Rail fares and franchises - Transport Committee Contents

1  Introduction

Background to rail fares and franchising

1. In 2006, we produced two major reports on rail passenger franchising and rail fares.[1] We made a series of unambiguous recommendations to the Government about how best to improve services and increase the value for money of the railways. We were clear about the systemic problems, and argued that these were likely to cause problems in less benign economic climates. At the beginning of 2009, with the UK going into recession, large increases in rail fares were introduced across the country. These fare rises were accompanied by rumours of franchise holders defaulting on their contracts. We felt the two subjects merited another short inquiry to follow up our 2006 reports. Our inquiry has addressed two main areas:

a)  fares—in January 2009 regulated fares increased by an average of 6% and unregulated fares by an average of 7%, and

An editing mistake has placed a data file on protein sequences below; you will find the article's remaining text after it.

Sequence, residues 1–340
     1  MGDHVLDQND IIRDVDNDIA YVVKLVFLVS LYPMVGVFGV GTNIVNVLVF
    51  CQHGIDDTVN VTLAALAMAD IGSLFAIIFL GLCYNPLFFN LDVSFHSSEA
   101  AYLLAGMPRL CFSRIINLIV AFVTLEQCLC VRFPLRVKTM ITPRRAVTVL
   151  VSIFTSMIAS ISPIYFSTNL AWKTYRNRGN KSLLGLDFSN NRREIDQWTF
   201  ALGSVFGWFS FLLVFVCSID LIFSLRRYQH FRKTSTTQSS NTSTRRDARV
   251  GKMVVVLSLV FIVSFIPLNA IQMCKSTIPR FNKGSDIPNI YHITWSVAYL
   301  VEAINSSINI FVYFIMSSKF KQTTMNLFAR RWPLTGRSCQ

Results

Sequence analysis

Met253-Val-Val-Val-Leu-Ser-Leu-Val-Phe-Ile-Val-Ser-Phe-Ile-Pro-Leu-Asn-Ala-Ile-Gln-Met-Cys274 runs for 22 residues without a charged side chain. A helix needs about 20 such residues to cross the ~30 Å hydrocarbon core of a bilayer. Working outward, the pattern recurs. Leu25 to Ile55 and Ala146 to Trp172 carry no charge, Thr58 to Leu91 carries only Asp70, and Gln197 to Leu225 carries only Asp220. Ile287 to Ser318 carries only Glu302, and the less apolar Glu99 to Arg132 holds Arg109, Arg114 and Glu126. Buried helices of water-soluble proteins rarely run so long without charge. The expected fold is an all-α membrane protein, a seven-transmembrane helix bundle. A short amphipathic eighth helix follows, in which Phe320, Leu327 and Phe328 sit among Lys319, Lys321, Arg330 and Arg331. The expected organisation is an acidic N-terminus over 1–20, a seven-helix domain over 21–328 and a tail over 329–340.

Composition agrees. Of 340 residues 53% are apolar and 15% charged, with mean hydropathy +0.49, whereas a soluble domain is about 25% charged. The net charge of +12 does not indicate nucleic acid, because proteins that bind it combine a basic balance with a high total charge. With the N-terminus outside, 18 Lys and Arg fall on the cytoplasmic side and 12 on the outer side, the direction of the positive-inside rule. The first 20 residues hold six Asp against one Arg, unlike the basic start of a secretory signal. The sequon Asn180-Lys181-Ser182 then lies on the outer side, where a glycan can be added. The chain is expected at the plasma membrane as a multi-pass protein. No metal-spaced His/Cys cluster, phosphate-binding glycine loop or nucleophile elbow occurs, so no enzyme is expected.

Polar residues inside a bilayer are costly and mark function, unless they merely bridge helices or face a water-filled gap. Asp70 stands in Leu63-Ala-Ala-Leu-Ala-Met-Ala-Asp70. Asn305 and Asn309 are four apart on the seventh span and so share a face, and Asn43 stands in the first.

b)  franchising—the implications of the recession for train operating companies (TOCs) and their rail franchises.

2. We held two oral evidence sessions in February, one with train operating companies, trade unions and passenger representatives, and a further one with the then Minister of State for Transport, the Rt Hon Lord Adonis. In June, we had a follow-up oral evidence session with Lord Adonis to examine developments in the intervening months.[2]

1   Transport Committee, Sixth Report of Session 2005-06, How fair are the fares ? Train fares and ticketing, HC 700; and Fourteenth Report of Session 2005-06, Passenger Rail Franchising, HC 1354 Back

2   Lord Adonis appeared before the Committee on 25 February 2009 as the then Minister of State for Transport, and on 17 June as Secretary of State for Transport to give evidence on rail fares and franchising. Back

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